12B. ClimateChange

49 arctic summer sea ice fig 42 northern snow cover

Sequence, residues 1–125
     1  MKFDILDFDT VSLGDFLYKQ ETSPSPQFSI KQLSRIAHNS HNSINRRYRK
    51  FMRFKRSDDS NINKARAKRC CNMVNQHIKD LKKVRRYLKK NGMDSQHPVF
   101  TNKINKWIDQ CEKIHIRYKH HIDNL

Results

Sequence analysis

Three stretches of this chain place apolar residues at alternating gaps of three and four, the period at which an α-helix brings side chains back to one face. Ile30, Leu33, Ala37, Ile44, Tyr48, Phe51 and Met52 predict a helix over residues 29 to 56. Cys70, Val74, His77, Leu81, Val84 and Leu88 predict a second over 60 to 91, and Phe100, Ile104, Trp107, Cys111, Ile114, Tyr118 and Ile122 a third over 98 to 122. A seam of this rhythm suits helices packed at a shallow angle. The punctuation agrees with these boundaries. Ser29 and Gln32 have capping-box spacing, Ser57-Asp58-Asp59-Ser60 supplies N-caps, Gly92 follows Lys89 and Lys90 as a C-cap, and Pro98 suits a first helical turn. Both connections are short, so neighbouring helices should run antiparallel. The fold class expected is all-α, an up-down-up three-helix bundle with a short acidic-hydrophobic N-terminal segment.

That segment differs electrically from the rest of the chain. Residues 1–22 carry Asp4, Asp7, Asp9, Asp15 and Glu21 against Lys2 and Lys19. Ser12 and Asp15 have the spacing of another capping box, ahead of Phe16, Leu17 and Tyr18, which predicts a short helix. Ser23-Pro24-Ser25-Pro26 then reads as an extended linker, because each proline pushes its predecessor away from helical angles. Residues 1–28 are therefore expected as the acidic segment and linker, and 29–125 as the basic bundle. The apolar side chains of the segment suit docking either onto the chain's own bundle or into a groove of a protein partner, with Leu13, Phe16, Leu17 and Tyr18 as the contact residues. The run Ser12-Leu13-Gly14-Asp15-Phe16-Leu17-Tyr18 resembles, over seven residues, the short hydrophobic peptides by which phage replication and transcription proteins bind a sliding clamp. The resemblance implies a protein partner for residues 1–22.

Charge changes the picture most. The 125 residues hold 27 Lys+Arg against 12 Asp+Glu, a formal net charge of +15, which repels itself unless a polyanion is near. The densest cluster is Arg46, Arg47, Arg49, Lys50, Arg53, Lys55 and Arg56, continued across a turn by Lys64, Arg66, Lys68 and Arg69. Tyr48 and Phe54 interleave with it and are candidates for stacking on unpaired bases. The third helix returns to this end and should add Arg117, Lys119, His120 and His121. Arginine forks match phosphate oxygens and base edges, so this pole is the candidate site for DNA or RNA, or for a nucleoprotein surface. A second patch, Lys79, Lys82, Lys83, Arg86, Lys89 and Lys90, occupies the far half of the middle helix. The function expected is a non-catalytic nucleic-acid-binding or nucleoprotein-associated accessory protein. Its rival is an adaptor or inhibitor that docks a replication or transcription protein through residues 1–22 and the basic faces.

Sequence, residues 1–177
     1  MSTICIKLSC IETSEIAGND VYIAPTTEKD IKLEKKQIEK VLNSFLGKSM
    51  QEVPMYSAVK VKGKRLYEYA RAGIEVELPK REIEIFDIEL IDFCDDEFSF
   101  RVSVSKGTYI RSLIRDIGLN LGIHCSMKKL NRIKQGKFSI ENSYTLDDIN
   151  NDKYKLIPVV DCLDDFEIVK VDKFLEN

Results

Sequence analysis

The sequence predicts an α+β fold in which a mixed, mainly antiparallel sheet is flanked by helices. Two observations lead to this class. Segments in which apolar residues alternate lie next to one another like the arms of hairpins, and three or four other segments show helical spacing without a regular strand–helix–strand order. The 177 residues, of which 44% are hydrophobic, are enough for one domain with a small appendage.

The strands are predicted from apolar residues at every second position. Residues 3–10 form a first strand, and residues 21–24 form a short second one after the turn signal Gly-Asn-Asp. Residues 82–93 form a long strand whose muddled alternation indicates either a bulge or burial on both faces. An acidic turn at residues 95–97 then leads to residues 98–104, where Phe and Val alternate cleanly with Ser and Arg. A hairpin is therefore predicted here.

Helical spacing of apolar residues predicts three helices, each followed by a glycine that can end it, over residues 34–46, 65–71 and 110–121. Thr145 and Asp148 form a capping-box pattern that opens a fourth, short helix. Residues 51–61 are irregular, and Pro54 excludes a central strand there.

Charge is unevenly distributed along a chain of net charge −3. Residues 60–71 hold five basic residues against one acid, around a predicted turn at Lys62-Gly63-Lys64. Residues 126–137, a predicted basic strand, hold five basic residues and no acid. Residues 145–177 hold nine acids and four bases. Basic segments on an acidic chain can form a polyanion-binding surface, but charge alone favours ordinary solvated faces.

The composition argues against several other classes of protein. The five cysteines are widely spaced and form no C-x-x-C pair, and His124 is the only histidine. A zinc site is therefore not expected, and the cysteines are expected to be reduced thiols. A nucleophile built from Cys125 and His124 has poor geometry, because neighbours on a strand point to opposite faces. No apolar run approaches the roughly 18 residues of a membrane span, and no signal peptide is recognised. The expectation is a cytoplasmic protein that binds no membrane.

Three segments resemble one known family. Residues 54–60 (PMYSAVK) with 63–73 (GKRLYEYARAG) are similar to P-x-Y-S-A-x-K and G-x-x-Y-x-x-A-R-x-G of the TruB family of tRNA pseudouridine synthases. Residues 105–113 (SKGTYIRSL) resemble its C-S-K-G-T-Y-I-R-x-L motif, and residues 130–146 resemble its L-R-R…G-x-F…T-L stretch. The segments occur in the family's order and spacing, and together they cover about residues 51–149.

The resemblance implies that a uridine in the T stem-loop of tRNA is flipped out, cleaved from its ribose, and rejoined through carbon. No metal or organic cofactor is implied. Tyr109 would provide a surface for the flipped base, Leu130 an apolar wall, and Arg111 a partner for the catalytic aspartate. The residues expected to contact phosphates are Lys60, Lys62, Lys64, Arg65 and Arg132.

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Unformatted text preview: d over the past 50 years, leading to higher surface water temperatures as well as at depth Higher sea temperatures stress tiny animals that make up corals, leading to coral bleaching and death Fig. 4.9 Arctic summer sea ice Fig. 4.2 Northern snow cover Fig. 4.18 Greenland ice sheet Fig. 4.15b, Glaciers Fig. 4.18 Antarctic ice sheet UNIPCC AR4 WG1 Climate Trends - Melting Ice Retreating Alaskan Glacier Glacier National Park, Montana Documenting Glacial Retreat and Loss As climate warms and drought becomes more persistent, climate models predict by 2030 GNP loses all of its glaciers. Glaciers in place by 7,000 years ago; grew to maximum during Little Ice Age ~ A.D. 1850. 150 glaciers in 20th century; in 2005 - 27 glaciers remain. Grinnell Glacier reduced by 90% area this past century. Decline in ice tied to increase in mean summer temperature and reduction in winter snowpack. Boulder Glacier Glacier National Park, MT 1932 T. J. Hileman photo courtesy of GNP archives 2005 USGS Repeat Photography Project http://nrmsc.usgs.gov/repeatphoto/ Greg Pederson photo USGS Grinnell Glacier Glacier National Park, MT 1910 Fred Kiser photo courtesy of GNP Archives 2008 USGS Repeat Photography Project http://nrmsc.usgs.gov/repeatphoto/ Lisa McKeon photo, USGS Grinnell Glacier Glacier National Park, MT T. 1938 ourtesy J. Hileman photo C of GNP Archives 1981 Carl Key photo USGS 1998 D. Fagre photo USGS 2006 Karen Holzer photo USGS Oblique view of Grinnell Glacier taken from the summit of Mount Gould, Glacier National Park. The relative sensitivity of glaciers to climate change is illustrated by the dramatic recession of Grinnell Glacier while surrounding vegetation patterns remain stable. USGS Repeat Photography Project http://nrmsc.usgs.gov/repeatphoto/ Sperry Glacier Glacier National Park, MT 1930 circa Morton Elrod photo K. Ross Toole Archives Mansfield Library, UM 2008 Lisa McKeon photo, USGS Repeating Elrod’s photograph from the same photo point was impossible since he shot from the elevated perspective of the glacier’s surface. The terminus of the glacier has retreated beyond the field of view, but these images give a sense of the glacier’s extent and mass early in the 20th century. USGS Repeat Photography Project http://nrmsc.usgs.gov/repeatphoto/ Melting Glaciers According to a UN climate report, Himalayan glaciers that are source...
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